Some MAA committees provided a natural resource as, for example, the American Statistical Association-MAA Joint Committee on Statistics or the CUPM Subcommittee on Mathematics Across the Disciplines. Of particular importance are the reports on the Preparation of High School and Middle School Teachers, which are reports from the MAA’s Committee on the Mathematical Education of Teachers. CUPM is pleased that more than 200 individuals have contributed to these group reports. The willingness of the mathematical community and many of our colleagues in allied fields to commit their time to this project has been very gratifying. I urge everyone to read these reports. They represent the views of a large and varied group of mathematicians and scientists who teach undergraduates.
Because a successful department is more than just its course and program offerings, the Guide contains a large section on matters “beyond the curriculum.” These are essential departmental and institutional policies that advance and enhance undergraduate major programs. These include articles on recruitment and retention, assessment, and placement, for example.
In some ways, the most interesting CUPM discussions were focused on Review and Renewal, the “how” to go about making change, particularly focused on meeting our cognitive and content goals. We believe that a healthy mathematical sciences program should incorporate intentional evolution and continual improvement. Every mathematical sciences department should have and follow a strategic plan that acknowledges local conditions and resources, but is also informed by recommendations from the greater mathematical community. The process of planning and renewal should be guided by consultation both within the department and with outside stakeholders at the institution and beyond. Departments should assess their progress in meeting cognitive and content goals through systematic collection and evaluation of evidence. The process of program review and departmental responsibilities in renewal are discussed in our report.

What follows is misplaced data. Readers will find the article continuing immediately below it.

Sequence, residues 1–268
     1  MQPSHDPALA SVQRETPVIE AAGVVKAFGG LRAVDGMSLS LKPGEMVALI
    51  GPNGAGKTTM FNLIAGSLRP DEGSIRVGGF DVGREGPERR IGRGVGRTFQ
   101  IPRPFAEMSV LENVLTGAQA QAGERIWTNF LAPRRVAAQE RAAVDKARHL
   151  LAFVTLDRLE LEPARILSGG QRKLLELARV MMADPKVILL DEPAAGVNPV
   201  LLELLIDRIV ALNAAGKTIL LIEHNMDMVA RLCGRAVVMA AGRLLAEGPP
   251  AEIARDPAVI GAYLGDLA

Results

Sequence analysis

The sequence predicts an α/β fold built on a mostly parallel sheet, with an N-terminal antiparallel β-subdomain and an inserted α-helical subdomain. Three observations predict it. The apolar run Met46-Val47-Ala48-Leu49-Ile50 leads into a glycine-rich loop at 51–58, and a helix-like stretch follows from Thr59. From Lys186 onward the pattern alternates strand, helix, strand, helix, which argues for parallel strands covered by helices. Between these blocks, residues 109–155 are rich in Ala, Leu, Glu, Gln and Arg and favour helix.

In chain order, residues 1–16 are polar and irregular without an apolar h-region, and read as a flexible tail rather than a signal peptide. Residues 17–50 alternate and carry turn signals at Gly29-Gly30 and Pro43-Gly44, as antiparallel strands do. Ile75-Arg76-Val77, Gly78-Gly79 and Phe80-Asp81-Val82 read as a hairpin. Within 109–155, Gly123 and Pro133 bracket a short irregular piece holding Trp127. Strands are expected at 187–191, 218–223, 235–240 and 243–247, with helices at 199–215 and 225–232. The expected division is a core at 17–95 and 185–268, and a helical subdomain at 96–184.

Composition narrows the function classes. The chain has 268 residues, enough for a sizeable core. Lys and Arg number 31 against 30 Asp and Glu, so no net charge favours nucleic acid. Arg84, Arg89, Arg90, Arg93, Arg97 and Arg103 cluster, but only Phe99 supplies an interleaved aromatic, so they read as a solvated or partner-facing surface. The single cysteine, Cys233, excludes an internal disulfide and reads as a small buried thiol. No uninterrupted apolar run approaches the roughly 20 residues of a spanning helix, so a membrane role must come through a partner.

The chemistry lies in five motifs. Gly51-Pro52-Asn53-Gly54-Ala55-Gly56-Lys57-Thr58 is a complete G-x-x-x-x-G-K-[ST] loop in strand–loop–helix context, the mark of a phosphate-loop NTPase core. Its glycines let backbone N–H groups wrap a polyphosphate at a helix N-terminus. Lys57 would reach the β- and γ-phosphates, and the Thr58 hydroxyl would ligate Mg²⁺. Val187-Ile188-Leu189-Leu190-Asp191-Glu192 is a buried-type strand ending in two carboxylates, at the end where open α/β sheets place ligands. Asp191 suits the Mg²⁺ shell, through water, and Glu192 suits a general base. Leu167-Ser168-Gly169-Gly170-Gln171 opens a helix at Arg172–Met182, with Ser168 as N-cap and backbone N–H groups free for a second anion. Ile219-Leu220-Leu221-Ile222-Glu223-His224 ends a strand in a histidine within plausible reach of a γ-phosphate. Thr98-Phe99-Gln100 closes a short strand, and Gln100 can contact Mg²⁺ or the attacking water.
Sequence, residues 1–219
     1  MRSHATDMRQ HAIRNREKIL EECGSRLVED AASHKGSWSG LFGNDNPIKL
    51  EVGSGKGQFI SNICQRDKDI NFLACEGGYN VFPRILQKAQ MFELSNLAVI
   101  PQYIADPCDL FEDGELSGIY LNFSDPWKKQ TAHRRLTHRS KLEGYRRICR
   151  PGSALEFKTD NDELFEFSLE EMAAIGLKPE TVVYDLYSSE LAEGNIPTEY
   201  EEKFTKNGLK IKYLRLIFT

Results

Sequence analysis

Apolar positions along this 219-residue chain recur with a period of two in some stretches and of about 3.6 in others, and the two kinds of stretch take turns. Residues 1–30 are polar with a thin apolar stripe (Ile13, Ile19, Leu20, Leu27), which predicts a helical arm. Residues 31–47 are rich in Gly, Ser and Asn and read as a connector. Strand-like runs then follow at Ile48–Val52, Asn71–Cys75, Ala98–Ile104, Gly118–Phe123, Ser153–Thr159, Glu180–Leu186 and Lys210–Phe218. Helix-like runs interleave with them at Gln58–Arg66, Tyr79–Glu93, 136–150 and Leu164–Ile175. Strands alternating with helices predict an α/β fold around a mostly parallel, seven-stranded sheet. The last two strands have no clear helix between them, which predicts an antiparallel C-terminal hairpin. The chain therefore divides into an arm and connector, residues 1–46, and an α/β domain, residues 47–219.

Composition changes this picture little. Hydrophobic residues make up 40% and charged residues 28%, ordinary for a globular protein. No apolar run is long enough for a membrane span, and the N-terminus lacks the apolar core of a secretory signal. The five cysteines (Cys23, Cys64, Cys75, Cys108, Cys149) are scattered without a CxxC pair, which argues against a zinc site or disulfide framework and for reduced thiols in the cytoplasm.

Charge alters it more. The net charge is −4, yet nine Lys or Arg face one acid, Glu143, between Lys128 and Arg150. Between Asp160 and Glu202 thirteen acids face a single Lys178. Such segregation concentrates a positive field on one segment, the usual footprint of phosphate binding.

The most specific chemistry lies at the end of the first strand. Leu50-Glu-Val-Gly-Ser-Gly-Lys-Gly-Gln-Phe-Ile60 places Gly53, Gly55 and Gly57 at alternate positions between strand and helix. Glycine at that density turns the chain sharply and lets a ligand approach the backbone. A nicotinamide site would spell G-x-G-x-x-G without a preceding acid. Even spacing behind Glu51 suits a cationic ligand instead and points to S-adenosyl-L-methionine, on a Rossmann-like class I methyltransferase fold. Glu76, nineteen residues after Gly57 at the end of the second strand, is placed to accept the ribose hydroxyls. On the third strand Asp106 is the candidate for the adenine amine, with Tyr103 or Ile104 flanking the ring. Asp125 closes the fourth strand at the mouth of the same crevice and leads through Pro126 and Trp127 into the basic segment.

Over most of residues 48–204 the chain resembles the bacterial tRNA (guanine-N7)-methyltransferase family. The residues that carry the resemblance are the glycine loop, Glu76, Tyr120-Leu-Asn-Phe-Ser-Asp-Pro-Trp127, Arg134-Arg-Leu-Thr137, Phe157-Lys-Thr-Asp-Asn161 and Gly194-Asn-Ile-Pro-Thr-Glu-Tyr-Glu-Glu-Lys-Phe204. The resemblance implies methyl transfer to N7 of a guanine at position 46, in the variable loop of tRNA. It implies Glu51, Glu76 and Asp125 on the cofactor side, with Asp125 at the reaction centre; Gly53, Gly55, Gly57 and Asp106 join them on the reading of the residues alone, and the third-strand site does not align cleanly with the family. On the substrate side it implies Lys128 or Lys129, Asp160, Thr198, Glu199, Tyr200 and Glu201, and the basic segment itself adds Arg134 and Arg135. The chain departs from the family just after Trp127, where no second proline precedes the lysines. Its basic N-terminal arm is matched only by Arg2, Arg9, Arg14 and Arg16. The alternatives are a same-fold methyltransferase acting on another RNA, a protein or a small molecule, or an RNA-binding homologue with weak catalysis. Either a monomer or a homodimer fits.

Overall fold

The most radical feature of this CUPM Guide is that it is meant to be dynamic in that we expect CUPM will add resource material to the Course and Program Areas regularly and do a thorough review of several course and program areas each year. Rather than trying to write a guide to the undergraduate curriculum and the major every decade, CUPM hopes to maintain an on-going revision and renewal process of its own that is directed at all of the course and program areas. We invite members of the mathematical community to submit ideas such as projects, resources, and videos, so that they can be posted online appropriately. We are preparing a submission procedure at this time. CUPM’s mission is to provide a current, meaningful, and useful resource for the design and improvement of the undergraduate major, and we welcome your input.
Feel free to contact me with your comments and suggestions at email@example.com.